On Election Eve, Controversy Over Russian Election Observation Mission

May 25, 2014

This article was written on Saturday, May 24, ahead of today’s elections.

Kiev: Election observers have descended on Ukraine for the presidential elections this Sunday, May 25. Given the tumultuous situation in Ukraine’s separatist eastern regions, Luhansk and Donetsk, the elections are particularly important for legitimating Ukraine’s central government and reestablishing faith in Ukraine’s democracy after the Maidan revolution. For these reasons, it is crucial that the elections proceed in accordance with international standards and receive the seal of approval from independent observers.

The flagship international observation mission is led by the Organization for Security and Cooperation in Europe (OSCE). OSCE has one thousand international long-term and short-term observers in Ukraine. Seven long-term OSCE observers were held hostage by pro-Russian separatists in Slovyansk in April and were later released on May 3. Ensuring free and fair elections is risky business.

OSCE, however, is not the only observation mission in Ukraine. Two domestic observation missions led by Ukrainian civil society organizations,   Opora and Committee of Voters of Ukraine (CVU), are much larger. Together, Opora and CVU have deployed almost six thousand observers across Ukraine.

However, the most controversial of the observation missions is led by the Russian civil society organization, GOLOS. GOLOS, which means voice, was the main independent election observation organization in Russia. Since 2000, GOLOS uncovered and reported instances of election fraud in Russian elections. In 2013, GOLOS was deemed a “foreign agent” under a new Russian law that required all organizations that receive foreign funds to register as foreign agents. GOLOS received funding from the US National Endowment of Democracy. GOLOS’s operations in Russia were suspended and the organization was effectively shut down in June 2013. Its influence and strength diminished, the organization quickly reestablished itself in Lithuania in July 2013 as Golos.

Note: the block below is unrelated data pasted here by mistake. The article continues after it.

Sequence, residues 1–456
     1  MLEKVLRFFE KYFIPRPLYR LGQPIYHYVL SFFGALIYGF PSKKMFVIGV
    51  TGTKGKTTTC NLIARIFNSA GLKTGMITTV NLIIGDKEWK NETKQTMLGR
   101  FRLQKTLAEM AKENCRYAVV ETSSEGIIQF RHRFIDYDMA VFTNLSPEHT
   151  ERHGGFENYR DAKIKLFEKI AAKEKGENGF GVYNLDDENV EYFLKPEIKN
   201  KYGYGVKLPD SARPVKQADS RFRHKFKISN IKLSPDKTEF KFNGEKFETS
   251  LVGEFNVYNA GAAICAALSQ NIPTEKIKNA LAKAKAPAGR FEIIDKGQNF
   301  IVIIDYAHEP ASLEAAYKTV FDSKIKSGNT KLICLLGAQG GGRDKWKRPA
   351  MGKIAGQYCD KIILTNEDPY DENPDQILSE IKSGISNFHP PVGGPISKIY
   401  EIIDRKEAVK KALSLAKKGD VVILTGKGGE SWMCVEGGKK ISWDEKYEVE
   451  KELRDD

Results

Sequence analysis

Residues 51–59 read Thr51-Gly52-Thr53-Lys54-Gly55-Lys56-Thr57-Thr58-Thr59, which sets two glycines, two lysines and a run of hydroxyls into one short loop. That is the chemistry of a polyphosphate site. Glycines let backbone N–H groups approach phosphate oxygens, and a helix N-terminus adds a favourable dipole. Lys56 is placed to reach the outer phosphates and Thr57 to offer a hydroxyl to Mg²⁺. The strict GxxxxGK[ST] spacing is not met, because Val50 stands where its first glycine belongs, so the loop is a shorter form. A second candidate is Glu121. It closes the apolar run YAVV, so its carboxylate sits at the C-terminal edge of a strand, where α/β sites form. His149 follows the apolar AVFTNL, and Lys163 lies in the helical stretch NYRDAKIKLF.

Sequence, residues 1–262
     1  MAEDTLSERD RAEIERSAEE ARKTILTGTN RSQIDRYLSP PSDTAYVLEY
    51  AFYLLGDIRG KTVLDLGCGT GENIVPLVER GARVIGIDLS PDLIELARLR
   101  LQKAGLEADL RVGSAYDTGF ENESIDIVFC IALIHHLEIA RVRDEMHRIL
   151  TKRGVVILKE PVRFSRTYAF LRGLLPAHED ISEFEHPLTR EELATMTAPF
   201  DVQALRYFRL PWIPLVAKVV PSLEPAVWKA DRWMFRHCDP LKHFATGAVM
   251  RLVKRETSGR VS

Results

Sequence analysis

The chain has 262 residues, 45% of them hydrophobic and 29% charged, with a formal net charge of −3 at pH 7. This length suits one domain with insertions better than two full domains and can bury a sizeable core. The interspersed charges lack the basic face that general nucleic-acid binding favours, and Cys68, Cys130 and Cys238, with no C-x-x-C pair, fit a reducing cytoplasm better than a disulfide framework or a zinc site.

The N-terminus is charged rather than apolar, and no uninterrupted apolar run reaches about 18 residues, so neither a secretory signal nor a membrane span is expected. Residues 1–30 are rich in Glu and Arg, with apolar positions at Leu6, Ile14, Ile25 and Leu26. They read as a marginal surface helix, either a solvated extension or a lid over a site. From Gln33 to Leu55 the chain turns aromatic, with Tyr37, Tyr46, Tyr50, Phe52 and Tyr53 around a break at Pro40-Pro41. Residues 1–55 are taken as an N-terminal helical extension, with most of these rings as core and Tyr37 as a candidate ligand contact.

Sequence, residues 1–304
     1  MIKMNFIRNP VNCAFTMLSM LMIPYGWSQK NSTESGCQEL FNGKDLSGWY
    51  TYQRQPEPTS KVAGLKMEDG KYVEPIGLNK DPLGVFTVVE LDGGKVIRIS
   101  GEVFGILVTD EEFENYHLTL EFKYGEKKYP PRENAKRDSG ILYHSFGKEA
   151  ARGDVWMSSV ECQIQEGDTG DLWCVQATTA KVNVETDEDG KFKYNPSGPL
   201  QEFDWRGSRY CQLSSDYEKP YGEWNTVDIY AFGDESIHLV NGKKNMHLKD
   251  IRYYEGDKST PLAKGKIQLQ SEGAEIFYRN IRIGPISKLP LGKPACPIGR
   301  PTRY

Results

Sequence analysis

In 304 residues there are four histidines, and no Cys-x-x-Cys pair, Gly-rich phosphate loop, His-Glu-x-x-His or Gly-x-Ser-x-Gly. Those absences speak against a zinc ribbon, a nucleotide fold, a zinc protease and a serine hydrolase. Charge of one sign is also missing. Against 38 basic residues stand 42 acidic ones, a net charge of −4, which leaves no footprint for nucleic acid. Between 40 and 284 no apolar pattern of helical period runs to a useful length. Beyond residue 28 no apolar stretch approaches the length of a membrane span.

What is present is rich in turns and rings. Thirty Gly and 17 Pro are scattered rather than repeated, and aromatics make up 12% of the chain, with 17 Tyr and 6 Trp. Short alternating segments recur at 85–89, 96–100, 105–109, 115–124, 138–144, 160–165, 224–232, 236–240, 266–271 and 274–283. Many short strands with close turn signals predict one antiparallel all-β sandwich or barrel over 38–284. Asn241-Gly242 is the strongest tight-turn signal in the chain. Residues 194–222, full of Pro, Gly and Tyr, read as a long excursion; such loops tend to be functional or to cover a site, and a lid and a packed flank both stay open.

Recently invigorated with funds from the Khodorkovsky Foundation, Golos intended to bring 800 Russian election observers to Ukraine for the presidential election (at the time of writing only 150 were accredited). This made many Ukrainian civil society leaders uncomfortable, to put it lightly. As Elena (not her real name), a longtime Ukrainian political activist and NGO leader, said, “the idea of 800 Russians coming to Ukraine as ‘independent’ observers doesn’t bring me much comfort. What could be the use, when we already have international and domestic observers? It will only feed the propaganda machine.” Elena did not wish to be identified by name because she works closely with election observers, but her statement represents the unease some of Ukraine’s civil society activists feel about having Russian citizens reporting on these important elections.

There is, however, another point of view. Golos’s participation in Ukraine’s election observation will provide a much-needed Russian voice of dissent. Over the years, the Russian government has sought to stump out and control civil society and media opposition with progressively draconian laws – the “foreign agent” law that shut down GOLOS is one example, and the recent Internet censorship law is another. This has left a vacuum of dissent in Russian society, allowing the (essentially) state controlled Russian media to frame the Ukrainian revolution as an undemocratic coup and to define the presidential elections as illegitimate.

If the elections on Sunday proceed in accordance with international rules, Golos’s observation mission, rather than feeding the propaganda machine, would send a strong opposition message: Russian citizens recognize the elections as free, fair, and legitimate. This message would go a long way to dispel the dominant opinion in Russian media that the elections are a farce and that Viktor Yanukoych remains the legitimate president of Ukraine.

Now, let’s just hope that the elections will indeed be free and fair, for Ukraine’s and Russia’s sake.

Full disclosure: During the presidential elections, I am working with a Berlin based NGO called the European Platform for Democratic Elections (EPDE), which supports civil society election observation in Europe’s Eastern Partnership Countries. Opora, CVU, and Golos are member organizations of EPDE.